Boyarin argues that when Jesus claimed to be a divine being as well as the anointed king, he was saying something other Jews would understand and find normal. From Boyarin's perspective, the difference between Jesus' followers and other Jews was not that he claimed to be the unique Son of God but that most Jews didn't think he was that guy.
not a biblical scholar. I'm a Jew, immersed in the Judaism of the 21st
century CE. So, the challenge for me reading this book was to try to
imagine myself in the 1st century, before most of what I know as Judaism
had taken firm shape.
Unlike some of the other reviewers, I had
no problem with the idea that Jesus kept kosher (the title of chapter
three). It even made sense to me that he might have been aghast at the
new ways of keeping kosher that the P'rushim (later called Pharisees by
people who couldn't read Hebrew) introduced. These forerunners of the
rabbinic movement had the radical idea that all Jews could live in a
state of ritual purity--not just the priests--and that ordinary
activities like cooking and eating could be made holy. On Boyarin's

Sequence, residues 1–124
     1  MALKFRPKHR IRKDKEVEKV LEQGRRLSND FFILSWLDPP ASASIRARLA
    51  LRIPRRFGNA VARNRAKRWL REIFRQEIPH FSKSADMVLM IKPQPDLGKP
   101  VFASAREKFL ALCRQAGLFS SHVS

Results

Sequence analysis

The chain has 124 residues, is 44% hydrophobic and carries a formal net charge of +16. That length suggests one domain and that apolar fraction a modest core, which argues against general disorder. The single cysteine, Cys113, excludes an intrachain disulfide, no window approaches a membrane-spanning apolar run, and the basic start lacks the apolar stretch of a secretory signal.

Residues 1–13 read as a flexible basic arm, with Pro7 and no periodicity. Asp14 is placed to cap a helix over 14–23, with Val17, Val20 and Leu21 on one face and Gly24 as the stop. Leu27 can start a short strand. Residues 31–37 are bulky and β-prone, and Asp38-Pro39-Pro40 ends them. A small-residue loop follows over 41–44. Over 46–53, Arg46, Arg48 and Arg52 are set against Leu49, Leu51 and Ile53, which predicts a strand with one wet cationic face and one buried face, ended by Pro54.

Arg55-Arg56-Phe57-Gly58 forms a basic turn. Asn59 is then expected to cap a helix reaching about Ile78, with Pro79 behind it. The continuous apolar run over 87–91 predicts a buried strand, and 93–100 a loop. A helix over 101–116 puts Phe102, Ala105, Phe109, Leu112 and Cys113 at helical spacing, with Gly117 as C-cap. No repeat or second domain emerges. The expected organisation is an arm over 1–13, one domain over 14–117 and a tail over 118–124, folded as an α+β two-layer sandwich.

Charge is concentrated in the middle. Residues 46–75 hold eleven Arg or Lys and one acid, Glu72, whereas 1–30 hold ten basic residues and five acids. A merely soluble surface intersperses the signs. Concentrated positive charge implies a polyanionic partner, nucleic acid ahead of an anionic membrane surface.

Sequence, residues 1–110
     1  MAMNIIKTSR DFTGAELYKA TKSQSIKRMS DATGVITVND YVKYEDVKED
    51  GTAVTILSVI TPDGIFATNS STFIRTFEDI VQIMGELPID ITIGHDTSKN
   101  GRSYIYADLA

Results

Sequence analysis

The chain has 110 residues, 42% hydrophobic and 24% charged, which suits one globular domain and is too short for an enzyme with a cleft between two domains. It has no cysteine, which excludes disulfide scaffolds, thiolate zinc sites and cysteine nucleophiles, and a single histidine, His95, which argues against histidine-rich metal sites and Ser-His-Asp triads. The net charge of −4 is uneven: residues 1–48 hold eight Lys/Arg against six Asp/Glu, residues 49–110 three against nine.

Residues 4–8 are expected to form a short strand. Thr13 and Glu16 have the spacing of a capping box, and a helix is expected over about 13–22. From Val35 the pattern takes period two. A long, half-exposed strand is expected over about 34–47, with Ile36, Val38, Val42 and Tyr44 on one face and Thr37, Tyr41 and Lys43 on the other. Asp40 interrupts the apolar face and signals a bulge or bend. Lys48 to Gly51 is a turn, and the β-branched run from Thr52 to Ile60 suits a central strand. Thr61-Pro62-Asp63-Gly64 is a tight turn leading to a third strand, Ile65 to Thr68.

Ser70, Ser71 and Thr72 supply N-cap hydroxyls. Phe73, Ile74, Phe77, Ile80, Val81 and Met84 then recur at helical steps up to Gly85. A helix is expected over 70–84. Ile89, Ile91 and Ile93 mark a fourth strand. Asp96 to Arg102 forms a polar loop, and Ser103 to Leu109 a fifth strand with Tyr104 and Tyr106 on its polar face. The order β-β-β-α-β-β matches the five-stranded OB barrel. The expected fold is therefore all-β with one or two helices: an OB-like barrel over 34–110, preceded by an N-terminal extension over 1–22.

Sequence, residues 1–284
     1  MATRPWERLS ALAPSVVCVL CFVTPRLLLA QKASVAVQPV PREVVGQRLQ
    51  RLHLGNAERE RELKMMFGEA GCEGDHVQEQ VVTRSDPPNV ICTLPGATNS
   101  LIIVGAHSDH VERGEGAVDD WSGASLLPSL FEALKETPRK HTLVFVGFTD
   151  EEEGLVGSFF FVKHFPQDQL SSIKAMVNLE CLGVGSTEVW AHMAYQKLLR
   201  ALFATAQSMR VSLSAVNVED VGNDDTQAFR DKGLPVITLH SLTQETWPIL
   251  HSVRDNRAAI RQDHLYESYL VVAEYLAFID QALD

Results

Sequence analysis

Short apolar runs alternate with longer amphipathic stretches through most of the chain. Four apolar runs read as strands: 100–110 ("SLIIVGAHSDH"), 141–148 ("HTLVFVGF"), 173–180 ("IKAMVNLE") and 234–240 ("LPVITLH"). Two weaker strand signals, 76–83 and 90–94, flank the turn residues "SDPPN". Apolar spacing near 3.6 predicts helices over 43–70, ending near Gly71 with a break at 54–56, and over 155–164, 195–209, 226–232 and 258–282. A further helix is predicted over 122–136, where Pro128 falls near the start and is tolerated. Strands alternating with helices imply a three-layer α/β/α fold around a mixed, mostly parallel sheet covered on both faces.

reading, Jesus was a conservative, saying "Don't add new rules to what
the Torah already prescribes." I can't verify his reasons for saying
that, but it seems plausible to me, perhaps because to my mind it makes
the rabbis look as revolutionary as I think they were.
that there were a lot of different ways of being Jewish at the time, and
that Christianity was just one of them for centuries, also makes sense
with what history I know.
Given that, there may even
have been Jews who think what Boyarin thinks they thought: that the
Messiah, son of David, would also be a divine figure. Boyarin uses
ingenious readings of Jewish texts that are minor (Daniel) or totally
obscure (First Enoch, Fourth Ezra) today, to back up this point.
to his reading of these texts, "Son of Man" (ben adam, in the Hebrew)
actually means a figure shaped like a man who sits on a throne at the
right of God and then descends in the clouds to earth, to rule. "Son of
God" actually means the divinely chosen ruler, who is a son of God the
same way a bar mitzvah is literally a son of the commandment: he's under
God's authority. (That is my comparison, not Boyarin's.) At some point,
the two became identified.
Boyarin argues that these texts set
up the expectation of a divine Messiah, that Jesus said he was that
person, and that the Jews who rejected him understood what he was
saying--it wasn't an innovation to them--but denied his claim to be The
This is completely intriguing, but I am dubious, for several reasons.
1. Boyarin cherry-picks the verses that support his argument.
When he comes across verses that seem to contradict his thesis, he